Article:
I'll admit that I haven't read a ton of work by Lewis, but of the work I have read, The Four Loves felt the most scholarly, moreso even than my recollections of Mere Christianity. In The Four Loves, Lewis breaks down the concept of love and analyzes it from a moral and Christian perspective.
He uses familiar scholarly concepts from Plato's day by breaking love into the same four main segments that the Greeks used: Affection, Friendship, Eros and Charity. He adds to this the Christian scriptural reference that "God is Love" and then explores the religious aspects of love.
Some of the scholarly breakdown twisted my brain a little bit and took multiple readings to try and untangle…as he expounded on "Need Love" versus "Gift Love", I was right there with him, but when he started putting forth various in-depth analysis between Venus (sexuality) and Eros (romantic 'being in love'), things started to get muddled…and when he broke into the chapter on Charity, there were a number of theoretical and rhetorical leaps that were difficult for me to follow at times.
Overall though and in spite of moments of confusion, the general message of the book was good and well presented. He provided great insight into the differences between each of the categories presented. The concept of Affection vs Friendship in terms of what makes a 'real friend' was rather intriguing, especially as he continued his examples through love's progression to show how and why friendships are formed or fail to be formed, how and why friendships can grow into romantic relationships or not, and what aspect Charity plays in all of this.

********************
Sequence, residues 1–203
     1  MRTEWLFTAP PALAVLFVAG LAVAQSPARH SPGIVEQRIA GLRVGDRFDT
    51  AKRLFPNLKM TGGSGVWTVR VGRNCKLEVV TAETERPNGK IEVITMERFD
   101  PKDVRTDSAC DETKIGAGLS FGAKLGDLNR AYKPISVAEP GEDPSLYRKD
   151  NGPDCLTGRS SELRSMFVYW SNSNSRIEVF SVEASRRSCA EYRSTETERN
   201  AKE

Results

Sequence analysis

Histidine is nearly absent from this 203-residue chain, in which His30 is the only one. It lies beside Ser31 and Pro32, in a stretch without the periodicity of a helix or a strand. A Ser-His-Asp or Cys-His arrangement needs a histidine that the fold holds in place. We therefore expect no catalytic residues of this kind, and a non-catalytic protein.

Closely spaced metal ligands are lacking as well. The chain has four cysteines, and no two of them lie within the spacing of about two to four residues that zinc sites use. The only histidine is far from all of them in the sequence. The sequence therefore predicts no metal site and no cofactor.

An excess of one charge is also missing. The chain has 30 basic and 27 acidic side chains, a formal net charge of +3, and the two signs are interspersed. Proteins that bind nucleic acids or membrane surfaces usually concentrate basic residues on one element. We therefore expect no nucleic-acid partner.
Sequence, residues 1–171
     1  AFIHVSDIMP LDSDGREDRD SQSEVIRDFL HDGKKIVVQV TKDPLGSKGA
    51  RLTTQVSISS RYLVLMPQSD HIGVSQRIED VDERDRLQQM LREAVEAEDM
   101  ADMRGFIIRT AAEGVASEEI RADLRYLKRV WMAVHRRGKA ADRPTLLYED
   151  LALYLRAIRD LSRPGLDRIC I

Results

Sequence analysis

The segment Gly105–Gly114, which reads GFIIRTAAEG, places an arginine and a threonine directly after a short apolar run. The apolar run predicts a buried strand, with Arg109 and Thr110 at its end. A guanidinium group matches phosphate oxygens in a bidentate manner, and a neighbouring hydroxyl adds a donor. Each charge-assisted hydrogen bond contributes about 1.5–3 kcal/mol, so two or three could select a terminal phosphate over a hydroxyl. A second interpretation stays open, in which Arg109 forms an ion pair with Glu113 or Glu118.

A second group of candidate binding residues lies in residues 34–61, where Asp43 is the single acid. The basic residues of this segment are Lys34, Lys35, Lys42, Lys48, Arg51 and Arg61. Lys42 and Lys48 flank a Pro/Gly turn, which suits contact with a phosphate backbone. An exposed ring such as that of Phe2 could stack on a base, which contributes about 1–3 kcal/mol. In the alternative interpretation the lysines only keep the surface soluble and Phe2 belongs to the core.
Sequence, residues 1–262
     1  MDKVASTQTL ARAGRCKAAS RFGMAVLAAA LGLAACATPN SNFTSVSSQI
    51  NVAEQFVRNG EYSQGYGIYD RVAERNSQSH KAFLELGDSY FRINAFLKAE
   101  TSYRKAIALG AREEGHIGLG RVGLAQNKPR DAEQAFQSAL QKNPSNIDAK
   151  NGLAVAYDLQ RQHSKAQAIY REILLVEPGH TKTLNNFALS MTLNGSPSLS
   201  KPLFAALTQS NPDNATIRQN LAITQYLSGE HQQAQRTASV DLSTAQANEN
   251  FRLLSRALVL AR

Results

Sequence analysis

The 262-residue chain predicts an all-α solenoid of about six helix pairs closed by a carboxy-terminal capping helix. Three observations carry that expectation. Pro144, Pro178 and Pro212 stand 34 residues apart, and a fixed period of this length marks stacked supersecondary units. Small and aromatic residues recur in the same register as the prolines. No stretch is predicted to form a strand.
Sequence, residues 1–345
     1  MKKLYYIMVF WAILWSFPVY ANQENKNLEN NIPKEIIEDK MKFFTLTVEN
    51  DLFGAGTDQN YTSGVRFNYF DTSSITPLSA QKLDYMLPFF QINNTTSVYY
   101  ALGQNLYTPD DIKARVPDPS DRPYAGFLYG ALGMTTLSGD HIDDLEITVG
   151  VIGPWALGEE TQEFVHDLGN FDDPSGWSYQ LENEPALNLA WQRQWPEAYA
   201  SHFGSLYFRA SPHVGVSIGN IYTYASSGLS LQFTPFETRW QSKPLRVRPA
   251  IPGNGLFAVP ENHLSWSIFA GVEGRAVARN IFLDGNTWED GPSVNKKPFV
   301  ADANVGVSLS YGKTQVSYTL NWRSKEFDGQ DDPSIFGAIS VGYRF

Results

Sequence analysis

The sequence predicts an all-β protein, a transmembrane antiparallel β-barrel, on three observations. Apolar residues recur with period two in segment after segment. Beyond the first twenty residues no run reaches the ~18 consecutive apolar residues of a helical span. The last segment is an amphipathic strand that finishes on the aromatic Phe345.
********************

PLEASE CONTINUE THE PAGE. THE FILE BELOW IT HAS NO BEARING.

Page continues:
As with Lewis's other books, there is plenty of theological discussion going on. I don't agree with everything he had to say, which is fine, but I think he made some great points. During the last chapter or so as he speaks on Charity, he provides some great nuggets for us to think on as we think about our own charitable behaviors. He also talks about the idea of Charity being both a 'need love' and a 'gift love' and that as we engage in that paradox, we are growing nearer to God's love.
I enjoyed the message of the book and the well thought out and well expressed arguments Lewis makes. The tone of the book was a little too scholarly at times which made it occasionally hard to read (since I've just finished school and am enjoying the break *grin*).
Still, I really like Lewis's insights, research and writing. I enjoyed "Mere Christianity" and "Screwtape" and I'm looking into a few of his other 'theological'/'scholarly' works. He has a nice style and presents great messages without being overly preachy.
3.5 out of 5 stars
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